Qingwu Meng

Qingwu Meng

mengqin1@msu.edu
Cellphone: (517) 862-7541

Department of Horticulture

Ph.D. Graduate Research Assistant

1066 Bogue St, Room A154
East Lansing, MI 48824

Area of Expertise:

Controlled-environment agriculture, floriculture production, horticultural lighting, indoor vertical farming, LEDs


Degree:

M.S. in Horticulture


CV: File Download

 

EDUCATION

Ph.D. in Horticulture, Michigan State University, Dec. 2018 (expected)

Ph.D. in Multidisciplinary Science, Rensselaer Polytechnic Institute, May 2015 (transferred)

M.S. in Horticulture, Michigan State University, June 2014

B.E. in Agricultural Engineering and B.A. in English, China Agricultural University, June 2012

ABOUT ME

My academic and career goals revolve around one message: transforming horticulture with light. I strive to integrate plant science and engineering in agricultural lighting applications. I am currently pursuing a Ph.D. degree in Horticulture at Michigan State University under Dr. Erik Runkle's supervision and expect to graduate by December, 2018. Previously, I earned my Bachelor of Engineering and Bachelor of Arts at China Agricultural University as well as Master of Science in Horticulture at Michigan State University.

Horticulture lighting banner

I hope to work in academia or industry and bring about more innovations with my knowledge in photobiology, horticultural science, and lighting. My current research in the Controlled-Environment Lighting Laboratory aims at improving the growth and quality attributes of indoor-grown leafy greens and herbs through precise lighting control. Prior to this, using light-emitting didoes (LEDs) to regulate flowering of photoperiodic greenhouse ornamental crops was my specialty. Never have I limited my scope of horticultural lighting because light is such a powerful tool in growth and development of all plants. I am receptive and excited to expand my repertoire in future endeavors. On the side, I am the content creator of LightHort, a blog dedicated to communicating the latest scientific findings on light in horticulture.

RECENT RESEARCH

Producing premium-quality specialty food crops indoors using innovative LED lighting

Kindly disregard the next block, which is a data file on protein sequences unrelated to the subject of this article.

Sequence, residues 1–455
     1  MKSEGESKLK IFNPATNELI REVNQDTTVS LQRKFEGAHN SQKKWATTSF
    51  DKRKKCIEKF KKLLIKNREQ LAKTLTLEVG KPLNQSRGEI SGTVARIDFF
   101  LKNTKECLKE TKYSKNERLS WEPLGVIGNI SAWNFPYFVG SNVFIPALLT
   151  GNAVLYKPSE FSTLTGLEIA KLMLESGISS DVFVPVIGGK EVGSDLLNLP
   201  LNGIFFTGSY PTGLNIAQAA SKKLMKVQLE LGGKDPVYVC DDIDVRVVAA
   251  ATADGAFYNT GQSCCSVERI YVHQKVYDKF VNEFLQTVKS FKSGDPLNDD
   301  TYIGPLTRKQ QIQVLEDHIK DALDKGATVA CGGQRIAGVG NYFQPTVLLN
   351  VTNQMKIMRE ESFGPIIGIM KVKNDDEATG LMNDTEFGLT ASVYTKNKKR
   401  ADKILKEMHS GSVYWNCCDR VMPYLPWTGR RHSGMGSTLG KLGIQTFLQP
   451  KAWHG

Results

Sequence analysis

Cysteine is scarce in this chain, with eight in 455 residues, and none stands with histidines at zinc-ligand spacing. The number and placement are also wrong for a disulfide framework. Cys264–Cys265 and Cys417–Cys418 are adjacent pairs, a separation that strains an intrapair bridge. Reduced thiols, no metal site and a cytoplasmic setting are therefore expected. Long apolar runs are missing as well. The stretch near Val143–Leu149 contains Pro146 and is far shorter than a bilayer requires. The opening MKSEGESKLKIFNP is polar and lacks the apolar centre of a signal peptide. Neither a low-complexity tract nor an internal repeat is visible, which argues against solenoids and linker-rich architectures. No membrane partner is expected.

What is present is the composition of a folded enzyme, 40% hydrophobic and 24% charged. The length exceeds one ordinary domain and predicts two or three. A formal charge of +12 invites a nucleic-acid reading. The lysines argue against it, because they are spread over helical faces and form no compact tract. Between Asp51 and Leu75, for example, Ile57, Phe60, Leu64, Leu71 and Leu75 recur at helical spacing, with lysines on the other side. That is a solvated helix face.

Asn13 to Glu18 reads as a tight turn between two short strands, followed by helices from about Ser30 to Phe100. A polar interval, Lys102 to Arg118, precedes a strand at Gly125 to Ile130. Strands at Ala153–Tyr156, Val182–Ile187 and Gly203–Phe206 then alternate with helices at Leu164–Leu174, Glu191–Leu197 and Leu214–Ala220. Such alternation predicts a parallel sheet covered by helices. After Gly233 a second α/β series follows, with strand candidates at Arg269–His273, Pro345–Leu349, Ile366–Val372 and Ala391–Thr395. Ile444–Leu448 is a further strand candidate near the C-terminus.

This project focuses on how broad-spectrum LEDs with varying fractions of blue, green, red, and far-red light influence growth and quality attributes of leafy greens grown hydroponically indoors. Experiments are being conducted in the Controlled-Environment Lighting Laboratory using programmable multi-channel LED fixtures developed by OSRAM Innovation. We aim to further our understanding of how light quality affects whole-plant photosynthesis, plant morphology, and secondary metabolism and generate lighting guidelines for sole-source lighting applications in the vertical farming industry. These efforts include balancing produce nutritional value and flavor through light-mediated regulation of secondary compounds.

Enhancing lettuce and basil seedling growth indoors with far-red light

This project investigated how far-red light, when added to red and blue light, modulated growth, morphology, and pigmentation during indoor production of lettuce and basil seedlings. A low red-to-far-red ratio elicited shade-avoidance responses such as increased stem elongation and leaf expansion, which enabled the plant to capture more light for photosynthesis. The effects of far-red light depended on the dynamics of red and blue light. Far-red light was antagonistic to blue light when controlling plant phenotypes including extension growth and accumulation of chlorophylls and anthocyanins. Incorporating far-red light in sole-source lighting increases growth and allows manipulation of produce appearance.

Controlling flowering of photoperiodic greenhouse floriculture crops with green light

This project explored whether flowering could be regulated by green light, a waveband often regarded as an effective long day signal. Typically, photoperiodic control is achieved using low-intensity red and far-red light, which mediate phytochrome responses. Blue light does not create long days unless it is delivered at a sufficiently high intensity. Major photoreceptors responsible for flower induction absorb little green light. However, we found that green light controlled flowering of some, but not all, crops at a low intensity and controlled flowering of most crops at a moderately high intensity. We are currently using the model plant Arabidopsis to study how photoreceptors transduce green light for signaling of flowering.

HONORS AND AWARDS

1st place in the American Society for Horticultural Science (ASHS) Controlled Environment Working Group (CEWG) graduate student oral competition. Washington, D.C. 2018.

Travel grant from the American Society for Horticultural Science (ASHS). Washington, D.C. 2018.

Travel grant from the American Floral Endowment (AFE) Young Professional Council. Washington, D.C. 2018.

The Bukovac Outstanding Graduate Student in the Department of Horticulture. East Lansing, MI. 2018.

Travel assistance from the Committee on Controlled Environment Technology & Use (NCERA-101) regional working group meeting. Raleigh, NC. 2018.

1st place applied oral competition in the 16th Annual Michigan State University Plant Science Graduate Student Research Symposium. East Lansing, MI. 2018.

1st place in the American Society for Horticultural Science (ASHS) Controlled Environment Working Group (CEWG) graduate student oral competition. Waikoloa, HI. 2017.

1st place in the American Society for Horticultural Science (ASHS) Floriculture Working Group graduate student oral competition. Waikoloa, HI. 2017.

Travel grant from the American Society for Horticultural Science (ASHS). Waikoloa, HI. 2017.